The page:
I personally recommend that your “action” buttons throughout your site should be in a colour that is complementary to the colour scheme of the rest of your site. You can use an online colour wheel tool to figure that out.

Not sure if you have good enough buttons? There’s a quick and easy test that you can do.

Load up a typical product page on your site and get up out of your chair and go stand on the other side of the room.

If you can’t clearly discern the button from the rest of the layout you have a problem and you should be on the phone to your web designer ASAP.

Declutter your product pages

Nothing distracts a person more from the task they’re meant to be doing than giving them a hundred different options.

Declutter your product pages so that the options are clear and simple and only include what is necessary for the page. This goes for your sidebar too.

Ideally, you should also use negative space (aka white space – the space surrounding an object or section on your page) liberally. Giving things more negative space means it has breathing room and can be visualized by the eye more easily. This, in turn, makes it feel less confusing.

Improvement Area #5: The Checkout Experience – Improve Your Cart & Checkout Conversion Rates

If you haven’t measured your cart and checkout conversion rates, do that now.

How? It’s quite simple really.

  1. Go to your Google Analytics and drag the date selector to cover a few months (the more data the better)
  2. Go to the Behaviour section and view the visits to three different things: Your cart page, your checkout page and your order received page
  3. Checkout Visits / Cart Visits * 100 = Cart to Checkout conversion rate percentage
  4. Order Received Visits / Checkout Visits * 100 = Checkout to Order conversion rate percentage

Once you know these numbers you’re ready to start optimizing with the following.

Give multiple payment options

For some reason that I haven’t been able to 100% figure out yet, some people just hate particular payment providers (often for no logical reason at all).

For example, they might hate paying with their credit card directly via Stripe (god knows why, it’s amazing) or they might hate PayPal fiercely (usually due to a bad experience in the past).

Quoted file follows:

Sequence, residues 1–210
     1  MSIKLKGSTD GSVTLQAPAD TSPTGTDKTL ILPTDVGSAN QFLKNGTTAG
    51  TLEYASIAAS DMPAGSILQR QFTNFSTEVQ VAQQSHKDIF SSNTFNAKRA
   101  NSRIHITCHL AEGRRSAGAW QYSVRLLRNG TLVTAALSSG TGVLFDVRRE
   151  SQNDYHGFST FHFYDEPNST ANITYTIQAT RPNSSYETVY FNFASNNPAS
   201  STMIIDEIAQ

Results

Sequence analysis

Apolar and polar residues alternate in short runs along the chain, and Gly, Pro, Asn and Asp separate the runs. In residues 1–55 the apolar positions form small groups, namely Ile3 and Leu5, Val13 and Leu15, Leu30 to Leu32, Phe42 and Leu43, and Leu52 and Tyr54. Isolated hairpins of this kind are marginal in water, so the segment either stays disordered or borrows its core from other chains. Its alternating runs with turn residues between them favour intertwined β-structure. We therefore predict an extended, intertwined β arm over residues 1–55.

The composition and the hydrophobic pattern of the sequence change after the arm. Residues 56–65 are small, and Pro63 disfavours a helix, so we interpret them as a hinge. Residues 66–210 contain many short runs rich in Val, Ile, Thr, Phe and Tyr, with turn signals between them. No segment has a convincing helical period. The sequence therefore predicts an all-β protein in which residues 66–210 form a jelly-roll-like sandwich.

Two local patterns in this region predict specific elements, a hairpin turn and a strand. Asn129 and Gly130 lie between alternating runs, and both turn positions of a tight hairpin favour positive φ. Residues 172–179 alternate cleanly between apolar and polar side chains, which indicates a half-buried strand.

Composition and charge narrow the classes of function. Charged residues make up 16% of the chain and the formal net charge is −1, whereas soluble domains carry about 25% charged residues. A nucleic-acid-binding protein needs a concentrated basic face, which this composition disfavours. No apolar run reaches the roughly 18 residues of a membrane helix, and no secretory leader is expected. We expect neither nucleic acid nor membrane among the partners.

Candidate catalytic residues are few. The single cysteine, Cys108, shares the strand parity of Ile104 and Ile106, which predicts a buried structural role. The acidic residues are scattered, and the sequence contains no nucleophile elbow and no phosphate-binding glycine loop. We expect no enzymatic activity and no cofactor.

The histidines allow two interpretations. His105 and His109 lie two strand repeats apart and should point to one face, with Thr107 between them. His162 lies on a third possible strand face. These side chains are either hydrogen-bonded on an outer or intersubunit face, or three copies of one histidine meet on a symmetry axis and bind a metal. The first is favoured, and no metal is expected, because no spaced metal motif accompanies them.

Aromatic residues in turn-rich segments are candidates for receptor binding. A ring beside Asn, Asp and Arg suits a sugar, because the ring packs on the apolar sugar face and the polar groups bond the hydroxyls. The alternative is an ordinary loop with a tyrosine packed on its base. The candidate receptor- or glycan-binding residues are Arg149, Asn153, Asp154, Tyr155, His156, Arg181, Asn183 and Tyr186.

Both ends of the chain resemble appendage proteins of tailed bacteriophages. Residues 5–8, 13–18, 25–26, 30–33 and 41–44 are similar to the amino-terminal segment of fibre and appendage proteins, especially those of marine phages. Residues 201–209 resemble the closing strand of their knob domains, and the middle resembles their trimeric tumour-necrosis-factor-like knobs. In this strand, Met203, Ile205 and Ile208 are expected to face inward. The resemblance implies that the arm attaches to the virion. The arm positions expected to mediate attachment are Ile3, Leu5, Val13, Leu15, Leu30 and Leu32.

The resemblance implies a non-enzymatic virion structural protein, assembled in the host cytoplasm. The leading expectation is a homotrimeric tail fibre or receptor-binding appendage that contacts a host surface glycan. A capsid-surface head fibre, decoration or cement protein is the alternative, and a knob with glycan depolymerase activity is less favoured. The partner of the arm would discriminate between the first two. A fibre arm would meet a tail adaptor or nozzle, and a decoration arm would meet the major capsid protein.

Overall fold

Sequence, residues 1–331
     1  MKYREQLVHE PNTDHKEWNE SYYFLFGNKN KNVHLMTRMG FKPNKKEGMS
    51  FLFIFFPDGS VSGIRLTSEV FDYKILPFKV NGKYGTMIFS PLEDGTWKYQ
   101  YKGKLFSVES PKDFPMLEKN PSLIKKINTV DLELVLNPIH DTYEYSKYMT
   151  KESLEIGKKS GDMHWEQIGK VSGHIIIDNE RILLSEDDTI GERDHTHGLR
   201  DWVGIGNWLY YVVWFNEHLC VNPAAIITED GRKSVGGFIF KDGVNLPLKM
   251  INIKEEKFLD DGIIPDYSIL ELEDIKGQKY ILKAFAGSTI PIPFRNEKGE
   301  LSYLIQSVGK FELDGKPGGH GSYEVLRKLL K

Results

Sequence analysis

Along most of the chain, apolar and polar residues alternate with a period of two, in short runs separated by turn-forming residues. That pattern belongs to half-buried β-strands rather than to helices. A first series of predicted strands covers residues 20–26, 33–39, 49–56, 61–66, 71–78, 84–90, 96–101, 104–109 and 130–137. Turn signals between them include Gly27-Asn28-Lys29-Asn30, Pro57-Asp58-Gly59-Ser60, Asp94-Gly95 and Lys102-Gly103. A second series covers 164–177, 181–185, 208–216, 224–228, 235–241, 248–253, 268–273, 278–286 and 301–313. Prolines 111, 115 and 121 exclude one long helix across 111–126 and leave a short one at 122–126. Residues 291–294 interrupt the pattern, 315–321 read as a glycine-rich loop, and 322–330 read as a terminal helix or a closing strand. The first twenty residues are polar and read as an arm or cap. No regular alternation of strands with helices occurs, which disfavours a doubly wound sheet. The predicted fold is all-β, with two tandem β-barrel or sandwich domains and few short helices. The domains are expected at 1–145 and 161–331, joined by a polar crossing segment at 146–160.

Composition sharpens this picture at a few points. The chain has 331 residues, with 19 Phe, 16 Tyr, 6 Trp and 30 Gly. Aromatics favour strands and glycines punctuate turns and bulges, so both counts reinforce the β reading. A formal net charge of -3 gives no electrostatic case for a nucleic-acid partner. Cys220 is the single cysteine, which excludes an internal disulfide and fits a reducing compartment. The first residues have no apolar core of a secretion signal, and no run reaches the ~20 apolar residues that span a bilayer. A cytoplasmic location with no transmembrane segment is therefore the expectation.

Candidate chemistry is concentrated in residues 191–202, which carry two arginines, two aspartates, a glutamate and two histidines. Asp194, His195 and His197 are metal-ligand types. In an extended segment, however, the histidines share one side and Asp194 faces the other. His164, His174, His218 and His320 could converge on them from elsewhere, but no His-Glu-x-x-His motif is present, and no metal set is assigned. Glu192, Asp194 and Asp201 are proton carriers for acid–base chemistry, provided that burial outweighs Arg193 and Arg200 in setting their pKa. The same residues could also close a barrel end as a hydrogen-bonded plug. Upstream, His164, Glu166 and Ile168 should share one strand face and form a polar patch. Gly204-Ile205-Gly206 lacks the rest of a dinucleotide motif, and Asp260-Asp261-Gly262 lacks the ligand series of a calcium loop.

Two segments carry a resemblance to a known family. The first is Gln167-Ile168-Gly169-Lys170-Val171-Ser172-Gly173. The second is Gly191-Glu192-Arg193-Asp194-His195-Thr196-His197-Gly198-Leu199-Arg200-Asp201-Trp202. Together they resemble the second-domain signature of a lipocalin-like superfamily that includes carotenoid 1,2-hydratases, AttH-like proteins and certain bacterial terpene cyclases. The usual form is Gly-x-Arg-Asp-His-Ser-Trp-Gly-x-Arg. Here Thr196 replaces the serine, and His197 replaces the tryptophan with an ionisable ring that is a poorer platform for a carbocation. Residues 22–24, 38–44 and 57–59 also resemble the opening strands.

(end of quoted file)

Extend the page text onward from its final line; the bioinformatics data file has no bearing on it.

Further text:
The solution, I find, is to give them two payment options. I do this on all my sites by using both PayPal and Stripe payment gateways. You can use any other payment gateway than your “main” one and get the same effect. Just having the second option seems to take away that friction point.

Be upfront about shipping costs (or better yet, get rid of them!)

The absolute best way to remove any objections about shipping is to not have any shipping costs at all.

But if you can’t do that, be upfront about them as early as possible.

Ideally, if you can do it, geolocate the person visiting your store and give them a shipping estimate on your cart page before they even get to your checkout page and enter their shipping details.

Remove distractions

If you haven’t done conversion optimization activities before then these next suggestions might seem extreme.

I want you to remove ALL unnecessary distractions from the checkout page and ideally on the cart page as well.

Examples are:

  • The main menu in the header of your site – your header should contain only your logo (the logo should be clickable)
  • The footer menu (you can leave the copyright notice and anything else that is not clickable that you want there)
  • Any fields on your checkout form that aren’t necessary for the transaction
  • Any unnecessary buttons or text that distract from the form or complicate things

This will make your checkout page a streamlined form and there will be nothing else clickable on the page.

In my personal testing doing this provides the best conversion rates on a checkout page (in any industry). My theory is that by the time they get to the checkout page they’re there to do one job: to put their information in and give you their money so they can get their stuff.

Your job is to not bugger up that process!

A common question is “Is it OK to have a button that says Continue Shopping?” Of course, it is!

In fact, I recommend you put this up the top of your page and give them that option to get back to where things have menus and things to click on. The rest of the page though should have no other distractions from the task they’re there to do.

Have You Been Taking Notes?

If you want to improve your e-commerce site it’s important to chunk it down.

There’s so much that you can do to improve it that it might seem overwhelming. Heck, this article alone is over 2,500 words.

I hope you have found some actionable information here.

My recommendation is to go back through your notes and pick an area of focus. Make that your priority for a whole month and see what you can do to improve it. A lot can happen in a month, you might be surprised how it has an effect on your revenue.